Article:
It was a short night, that Saturday. I drew plans on how I would spent that money, including buying a business car to ease my rounds about town, and elevate my profile as a businessman. A friend of mind had offered a Toyota Avensis at Ksh. 750,000, and I felt this was the time to bargain hard and get it at less than that amount, cash money! My small corner office needed an upgrade and good touch up and I just knew the right man for the job, to do interiors and install new stationary and work equipment. On myself, I already knew where to go for the three piece suites which I had always salivated on but seemed too expensive then. What was Ksh.20, 000? I could afford five of the best, designer shirts and boot leather shoes to boot. Land ownership was also another sudden item on my list, and I noted that if all went well, I could as well be an owner of a Villa in own quarter acre plot in Machakos County. I slept a happy man that night, in the dream land. It is true indeed, the famous Swahli saying: Maskini akipata, matako hulia bwata.
I woke up unusually early that Saturday and made my way to town after a hot shower and good breakfast of fried eggs, butter toast bread with butter and two generous cups of chai fupi. I went straight up to the office on Tom Mboya Street and kept on checking my account on M-Coop to confirm indeed the money was intact. Relieved that I was neither mad, nor was my math not wrong, I made up my mind that the best way to work this whole thing out was to make one big withdrawal and deal in cash only to avoid money trail and attracting cash hounds, who smell the scent of the brown paper from miles away. Also, I decided to take a sudden vocation away from Nairobi to upcountry and hole up for a week, as I worked things out and watched out for any developments.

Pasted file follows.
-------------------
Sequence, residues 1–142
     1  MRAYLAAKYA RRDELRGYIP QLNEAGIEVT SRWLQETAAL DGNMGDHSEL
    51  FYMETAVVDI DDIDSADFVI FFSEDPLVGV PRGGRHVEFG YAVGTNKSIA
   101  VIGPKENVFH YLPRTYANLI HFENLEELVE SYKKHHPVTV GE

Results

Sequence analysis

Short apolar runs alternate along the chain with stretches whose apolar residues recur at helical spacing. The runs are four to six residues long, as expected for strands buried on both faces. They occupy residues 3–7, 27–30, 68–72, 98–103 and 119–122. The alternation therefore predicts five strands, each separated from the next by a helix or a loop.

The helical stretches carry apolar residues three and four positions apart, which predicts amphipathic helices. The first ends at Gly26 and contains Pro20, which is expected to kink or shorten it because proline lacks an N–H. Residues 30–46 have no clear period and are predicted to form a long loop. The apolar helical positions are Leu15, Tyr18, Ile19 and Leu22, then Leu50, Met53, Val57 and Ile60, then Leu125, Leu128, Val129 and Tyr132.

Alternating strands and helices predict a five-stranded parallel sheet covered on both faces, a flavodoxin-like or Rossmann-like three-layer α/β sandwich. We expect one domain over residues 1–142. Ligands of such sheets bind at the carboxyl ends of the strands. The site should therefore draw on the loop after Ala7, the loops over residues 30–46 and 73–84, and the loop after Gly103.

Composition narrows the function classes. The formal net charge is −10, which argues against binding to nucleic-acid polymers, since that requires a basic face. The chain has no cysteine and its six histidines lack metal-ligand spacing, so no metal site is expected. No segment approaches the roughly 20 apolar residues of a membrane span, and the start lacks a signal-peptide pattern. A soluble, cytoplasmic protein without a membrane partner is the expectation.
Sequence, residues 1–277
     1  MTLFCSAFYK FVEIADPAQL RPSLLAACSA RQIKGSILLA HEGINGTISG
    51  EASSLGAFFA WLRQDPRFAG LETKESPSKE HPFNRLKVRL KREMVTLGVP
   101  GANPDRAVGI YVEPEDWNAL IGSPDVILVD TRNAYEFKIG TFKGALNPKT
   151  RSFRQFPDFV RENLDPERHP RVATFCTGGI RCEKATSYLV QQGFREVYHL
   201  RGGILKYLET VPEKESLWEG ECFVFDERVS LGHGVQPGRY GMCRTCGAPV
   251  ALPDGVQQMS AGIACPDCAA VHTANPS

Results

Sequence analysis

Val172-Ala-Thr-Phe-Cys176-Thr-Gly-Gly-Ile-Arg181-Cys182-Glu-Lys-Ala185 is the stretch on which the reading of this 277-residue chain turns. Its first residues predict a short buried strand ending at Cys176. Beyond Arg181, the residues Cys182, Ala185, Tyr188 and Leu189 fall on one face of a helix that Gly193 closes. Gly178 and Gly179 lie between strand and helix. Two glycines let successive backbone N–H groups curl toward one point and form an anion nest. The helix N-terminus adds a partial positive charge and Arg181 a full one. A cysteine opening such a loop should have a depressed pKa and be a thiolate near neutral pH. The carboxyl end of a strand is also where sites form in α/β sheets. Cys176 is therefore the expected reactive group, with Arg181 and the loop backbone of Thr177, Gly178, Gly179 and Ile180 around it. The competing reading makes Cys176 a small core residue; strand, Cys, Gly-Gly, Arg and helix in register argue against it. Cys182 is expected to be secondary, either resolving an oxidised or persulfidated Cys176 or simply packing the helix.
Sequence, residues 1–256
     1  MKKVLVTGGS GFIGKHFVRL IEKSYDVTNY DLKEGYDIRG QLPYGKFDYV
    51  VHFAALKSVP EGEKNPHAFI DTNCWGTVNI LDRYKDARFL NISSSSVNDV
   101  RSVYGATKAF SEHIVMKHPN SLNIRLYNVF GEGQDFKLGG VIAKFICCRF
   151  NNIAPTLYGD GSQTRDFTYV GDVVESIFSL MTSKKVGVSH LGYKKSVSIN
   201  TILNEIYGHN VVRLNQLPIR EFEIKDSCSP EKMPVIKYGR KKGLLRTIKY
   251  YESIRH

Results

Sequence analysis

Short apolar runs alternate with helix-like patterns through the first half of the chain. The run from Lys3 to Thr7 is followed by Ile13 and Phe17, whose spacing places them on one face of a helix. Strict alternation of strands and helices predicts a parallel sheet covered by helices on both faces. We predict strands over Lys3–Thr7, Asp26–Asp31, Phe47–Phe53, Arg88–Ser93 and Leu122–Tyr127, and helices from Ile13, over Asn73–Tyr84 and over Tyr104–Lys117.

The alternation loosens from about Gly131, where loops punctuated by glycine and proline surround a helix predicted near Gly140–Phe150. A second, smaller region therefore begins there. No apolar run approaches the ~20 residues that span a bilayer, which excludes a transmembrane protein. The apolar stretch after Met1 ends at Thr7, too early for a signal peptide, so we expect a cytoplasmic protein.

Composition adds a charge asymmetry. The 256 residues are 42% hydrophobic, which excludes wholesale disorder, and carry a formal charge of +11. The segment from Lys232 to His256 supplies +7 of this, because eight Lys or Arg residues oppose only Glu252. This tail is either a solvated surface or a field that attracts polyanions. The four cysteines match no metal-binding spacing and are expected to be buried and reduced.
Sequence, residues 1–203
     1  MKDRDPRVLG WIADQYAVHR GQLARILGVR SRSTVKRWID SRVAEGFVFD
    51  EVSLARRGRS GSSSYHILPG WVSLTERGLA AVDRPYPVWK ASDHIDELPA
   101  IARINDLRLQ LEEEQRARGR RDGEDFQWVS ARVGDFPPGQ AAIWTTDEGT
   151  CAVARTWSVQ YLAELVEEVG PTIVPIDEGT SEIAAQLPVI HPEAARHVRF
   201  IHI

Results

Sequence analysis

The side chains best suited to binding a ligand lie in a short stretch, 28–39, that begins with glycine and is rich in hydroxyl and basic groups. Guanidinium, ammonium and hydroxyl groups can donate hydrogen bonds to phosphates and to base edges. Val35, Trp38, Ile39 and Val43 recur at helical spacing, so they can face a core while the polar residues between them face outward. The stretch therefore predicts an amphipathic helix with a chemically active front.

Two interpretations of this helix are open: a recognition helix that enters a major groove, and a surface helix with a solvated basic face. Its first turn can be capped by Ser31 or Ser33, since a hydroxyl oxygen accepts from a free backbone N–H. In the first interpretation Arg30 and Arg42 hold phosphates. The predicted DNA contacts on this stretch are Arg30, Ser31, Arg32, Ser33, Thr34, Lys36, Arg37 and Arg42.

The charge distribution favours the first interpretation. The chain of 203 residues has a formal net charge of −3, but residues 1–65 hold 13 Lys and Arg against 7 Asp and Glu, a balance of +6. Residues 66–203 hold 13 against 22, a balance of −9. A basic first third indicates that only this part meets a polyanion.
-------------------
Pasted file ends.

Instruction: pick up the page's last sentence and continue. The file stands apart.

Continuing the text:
I called many people of ‘importance’ that morning, including Mohamed, who I told I needed the Avensis prepared for purchase, as such all paperwork, log book and registration should commence processing. Money was not the problem, his many questions were and could make him lose a sale, and I warned him. I called up James Njoroge, a streetwise friend of mine who happened to have connections with KRA and asked for enlightening concerning big money matters. Of course, I sorted Saul, his Ksh.100, 000 and apologized for the delay in paying him back. I had never known the power of money until that instant. Everyone seemed suddenly friendly and helpful, even though I did not mention anything about the jackpot burning in my account. Maybe it was my tone of voice, poise or just the spirit that had suddenly engulfed me. Something extraordinary was happening, and people on the streets, when I went down and about my business smiled and gave way to me.

It was about 10 am that Saturday, when I walked into the Kenyatta Avenue Cooperative Bank Branch to make a big cash withdrawal and order transfer of the money into my other accounts. I was a man on mission, and unless otherwise, I did not want to make an ass of myself. I ensured I looked very much a millionaire, in manners and dressing, and not a thug on the run. The first withdrawal was to be for Ksh. 2,000,000 for tithe. 2M for tithe….?!